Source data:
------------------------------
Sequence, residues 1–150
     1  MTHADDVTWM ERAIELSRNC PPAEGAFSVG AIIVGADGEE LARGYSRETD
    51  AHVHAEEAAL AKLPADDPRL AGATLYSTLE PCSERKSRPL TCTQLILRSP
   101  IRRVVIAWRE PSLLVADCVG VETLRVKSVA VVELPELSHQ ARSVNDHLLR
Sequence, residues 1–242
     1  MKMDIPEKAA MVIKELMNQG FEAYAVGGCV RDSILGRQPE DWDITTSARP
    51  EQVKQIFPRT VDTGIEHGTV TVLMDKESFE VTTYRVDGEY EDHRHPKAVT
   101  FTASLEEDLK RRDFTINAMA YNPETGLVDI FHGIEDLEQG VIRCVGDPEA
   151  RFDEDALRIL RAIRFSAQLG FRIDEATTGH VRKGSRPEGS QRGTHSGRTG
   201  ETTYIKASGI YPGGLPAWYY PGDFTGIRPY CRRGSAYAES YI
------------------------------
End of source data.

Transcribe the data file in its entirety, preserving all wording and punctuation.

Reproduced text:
Sequence, residues 1–150
     1  MTHADDVTWM ERAIELSRNC PPAEGAFSVG AIIVGADGEE LARGYSRETD
    51  AHVHAEEAAL AKLPADDPRL AGATLYSTLE PCSERKSRPL TCTQLILRSP
   101  IRRVVIAWRE PSLLVADCVG VETLRVKSVA VVELPELSHQ ARSVNDHLLR
Sequence, residues 1–242
     1  MKMDIPEKAA MVIKELMNQG FEAYAVGGCV RDSILGRQPE DWDITTSARP
    51  EQVKQIFPRT VDTGIEHGTV TVLMDKESFE VTTYRVDGEY EDHRHPKAVT
   101  FTASLEEDLK RRDFTINAMA YNPETGLVDI FHGIEDLEQG VIRCVGDPEA
   151  RFDEDALRIL RAIRFSAQLG FRIDEATTGH VRKGSRPEGS QRGTHSGRTG
   201  ETTYIKASGI YPGGLPAWYY PGDFTGIRPY CRRGSAYAES YI